Essay by Howard S. Decker, FAIA
Architect and Urban Designer
Former Chief Curator, The National Building Museum
“Arriving at each new city, the traveler finds again a past of his that he did not know he had: the foreignness of what you no longer are or no longer possess lies in wait for you in foreign, unpossessed places.”
– Italo Calvino, Invisible Cities
“All cities are mad: but the madness is gallant. All cities are beautiful: but the beauty is grim.”
– Christopher Morley, Where the Blue Begins
Over a period of 20 years, Barry Gfeller, quietly and alone, traveled across the US and Canada from his home in Washington State making photographs of dozens and dozens of cities and towns. He would go during his vacations, a week or two at a time. He would shoot many rolls of film on each of his outings, and his collection would eventually grow to 50,000 images.
Gfeller photographed our cities and towns during a period of great change: the small shops and the street life of neighborhoods, of Main Streets, of corner stores and local diners, was waning, disappearing, being replaced by the mall, the franchise, the “big box.” It is our uncommon good fortune that Gfeller made his trips. Because of his work we have an important archive of what we were, what life in North America’s cities and towns was like before it changed forever.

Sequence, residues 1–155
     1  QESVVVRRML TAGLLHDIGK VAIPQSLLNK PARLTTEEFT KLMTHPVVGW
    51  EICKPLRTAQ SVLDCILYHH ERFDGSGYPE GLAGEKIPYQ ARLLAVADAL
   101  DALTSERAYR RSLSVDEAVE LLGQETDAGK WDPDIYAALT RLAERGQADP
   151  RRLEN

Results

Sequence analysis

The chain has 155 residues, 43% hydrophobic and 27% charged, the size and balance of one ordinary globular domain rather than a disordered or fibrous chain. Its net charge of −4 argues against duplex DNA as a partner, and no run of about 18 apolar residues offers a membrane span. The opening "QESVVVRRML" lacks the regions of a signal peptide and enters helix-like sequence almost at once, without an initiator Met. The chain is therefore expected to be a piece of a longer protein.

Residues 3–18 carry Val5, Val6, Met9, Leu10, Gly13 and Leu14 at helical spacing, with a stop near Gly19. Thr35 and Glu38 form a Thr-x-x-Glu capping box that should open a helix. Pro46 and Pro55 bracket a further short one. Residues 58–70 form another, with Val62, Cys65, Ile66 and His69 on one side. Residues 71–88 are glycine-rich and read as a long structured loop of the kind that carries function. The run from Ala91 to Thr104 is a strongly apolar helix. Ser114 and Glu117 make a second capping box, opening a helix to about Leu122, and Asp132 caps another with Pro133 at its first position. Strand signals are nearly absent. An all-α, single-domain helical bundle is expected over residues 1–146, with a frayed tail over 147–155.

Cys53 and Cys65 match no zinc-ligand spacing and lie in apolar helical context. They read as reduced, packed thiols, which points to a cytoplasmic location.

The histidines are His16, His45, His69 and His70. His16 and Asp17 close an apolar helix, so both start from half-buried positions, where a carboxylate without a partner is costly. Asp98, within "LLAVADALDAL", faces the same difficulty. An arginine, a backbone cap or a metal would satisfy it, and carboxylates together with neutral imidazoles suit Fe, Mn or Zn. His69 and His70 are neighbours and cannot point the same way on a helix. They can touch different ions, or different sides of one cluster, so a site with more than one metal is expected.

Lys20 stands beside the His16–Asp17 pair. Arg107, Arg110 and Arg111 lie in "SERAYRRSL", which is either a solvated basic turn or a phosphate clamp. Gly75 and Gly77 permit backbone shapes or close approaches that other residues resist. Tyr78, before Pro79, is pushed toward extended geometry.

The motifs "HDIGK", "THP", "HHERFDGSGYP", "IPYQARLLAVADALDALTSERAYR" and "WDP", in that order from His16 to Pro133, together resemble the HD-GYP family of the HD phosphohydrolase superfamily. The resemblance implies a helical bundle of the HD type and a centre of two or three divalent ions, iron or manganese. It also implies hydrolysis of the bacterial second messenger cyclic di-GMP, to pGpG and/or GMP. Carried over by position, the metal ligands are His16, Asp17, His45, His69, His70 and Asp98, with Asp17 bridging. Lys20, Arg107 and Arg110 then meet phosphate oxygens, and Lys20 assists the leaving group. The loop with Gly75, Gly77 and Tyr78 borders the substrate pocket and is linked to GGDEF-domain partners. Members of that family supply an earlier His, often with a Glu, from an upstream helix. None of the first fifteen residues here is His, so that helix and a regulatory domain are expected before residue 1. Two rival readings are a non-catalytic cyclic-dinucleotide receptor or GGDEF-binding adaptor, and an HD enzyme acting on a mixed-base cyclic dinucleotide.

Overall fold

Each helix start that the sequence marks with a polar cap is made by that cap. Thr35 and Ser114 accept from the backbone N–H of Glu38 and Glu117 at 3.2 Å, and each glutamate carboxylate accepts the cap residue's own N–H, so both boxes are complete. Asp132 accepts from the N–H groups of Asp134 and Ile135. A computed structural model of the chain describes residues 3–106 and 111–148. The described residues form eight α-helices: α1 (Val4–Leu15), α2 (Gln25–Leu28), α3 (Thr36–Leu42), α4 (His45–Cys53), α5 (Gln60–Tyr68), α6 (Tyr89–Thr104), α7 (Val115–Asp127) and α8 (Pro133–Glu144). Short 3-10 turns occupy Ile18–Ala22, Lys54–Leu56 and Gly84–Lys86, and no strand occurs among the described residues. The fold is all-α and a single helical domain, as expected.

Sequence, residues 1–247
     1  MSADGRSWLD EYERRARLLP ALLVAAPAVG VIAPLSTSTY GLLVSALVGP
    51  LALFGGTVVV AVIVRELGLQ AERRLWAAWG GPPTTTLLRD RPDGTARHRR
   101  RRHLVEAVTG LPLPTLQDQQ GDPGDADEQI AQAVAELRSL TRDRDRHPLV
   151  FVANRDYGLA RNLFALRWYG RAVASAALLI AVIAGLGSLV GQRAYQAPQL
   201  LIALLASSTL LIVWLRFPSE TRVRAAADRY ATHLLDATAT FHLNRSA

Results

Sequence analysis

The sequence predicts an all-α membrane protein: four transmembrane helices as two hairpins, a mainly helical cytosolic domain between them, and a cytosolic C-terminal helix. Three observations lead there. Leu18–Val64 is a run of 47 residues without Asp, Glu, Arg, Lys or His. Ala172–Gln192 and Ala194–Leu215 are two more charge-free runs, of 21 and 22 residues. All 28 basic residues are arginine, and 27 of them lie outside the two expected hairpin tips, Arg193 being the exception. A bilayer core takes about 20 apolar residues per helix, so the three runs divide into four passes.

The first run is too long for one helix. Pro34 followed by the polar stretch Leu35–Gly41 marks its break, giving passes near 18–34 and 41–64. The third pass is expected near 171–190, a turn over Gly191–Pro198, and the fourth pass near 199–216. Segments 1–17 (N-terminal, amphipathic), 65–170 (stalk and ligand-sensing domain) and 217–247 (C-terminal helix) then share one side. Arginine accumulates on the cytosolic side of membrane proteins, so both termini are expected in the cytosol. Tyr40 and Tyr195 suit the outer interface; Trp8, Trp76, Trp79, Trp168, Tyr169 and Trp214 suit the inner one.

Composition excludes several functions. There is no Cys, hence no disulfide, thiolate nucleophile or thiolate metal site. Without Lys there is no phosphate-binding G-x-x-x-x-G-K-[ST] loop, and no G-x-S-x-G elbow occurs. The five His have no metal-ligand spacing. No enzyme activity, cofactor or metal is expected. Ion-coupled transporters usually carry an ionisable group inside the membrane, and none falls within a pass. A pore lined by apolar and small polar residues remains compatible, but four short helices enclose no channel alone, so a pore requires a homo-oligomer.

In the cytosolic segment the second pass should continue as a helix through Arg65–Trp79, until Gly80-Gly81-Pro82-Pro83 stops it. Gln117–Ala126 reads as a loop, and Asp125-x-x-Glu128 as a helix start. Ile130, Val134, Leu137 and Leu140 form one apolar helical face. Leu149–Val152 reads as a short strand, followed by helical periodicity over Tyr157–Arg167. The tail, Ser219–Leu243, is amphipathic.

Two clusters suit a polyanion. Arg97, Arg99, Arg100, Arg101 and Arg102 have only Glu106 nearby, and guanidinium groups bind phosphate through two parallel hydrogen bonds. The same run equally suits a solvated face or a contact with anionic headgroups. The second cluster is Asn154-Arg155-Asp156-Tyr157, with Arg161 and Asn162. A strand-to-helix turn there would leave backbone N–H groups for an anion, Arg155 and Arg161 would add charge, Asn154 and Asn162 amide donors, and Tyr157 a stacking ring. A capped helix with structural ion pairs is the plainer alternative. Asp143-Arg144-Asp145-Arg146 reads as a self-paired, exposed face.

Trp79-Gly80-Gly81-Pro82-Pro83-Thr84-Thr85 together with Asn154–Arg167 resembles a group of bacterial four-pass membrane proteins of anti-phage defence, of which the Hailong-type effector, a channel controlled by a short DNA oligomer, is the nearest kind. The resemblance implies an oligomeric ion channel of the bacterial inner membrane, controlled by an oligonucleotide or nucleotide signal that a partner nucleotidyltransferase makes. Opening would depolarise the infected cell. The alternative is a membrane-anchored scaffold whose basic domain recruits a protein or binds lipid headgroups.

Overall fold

But beyond simply recording the changing places of over 44 states and 6 provinces, Gfeller’s pictures are powerful, idiosyncratic, and compelling artifacts. Many are haunting, filled with cinematic possibility, rich with narratives we can tease from each, and embellish: the storefront diner, the apartment upstairs, the cab stand at the back, two feet of snow, evening coming, no cars in sight, and a train in the distance. Evocative, many of these images, and strong.
And extraordinarily, it is the buildings that speak in Gfeller’s images. The photographs are never focused on people, though occasionally people can be seen. Instead, Gfeller shows us buildings as the principle characters in the theater of America life. Most of these buildings originated in an earlier time – the first decades of the 20th century or before. Each has been revised, modified in contingent and provisional fashion, to add contemporary narratives to the older stories of their origins. And the language, the vernacular of this architecture is uniquely American. It is this that makes the collection both exceptional and essential.
The Gfeller Collection needs to find a permanent home, where each image can be assessed, digitized, conserved, understood, interpreted. The late 20th century has no other real resource as influential and rich as this that focuses on our built environment. Out of gratitude alone we should embrace the collection, and Gfeller, and his odd and wonderful life’s work.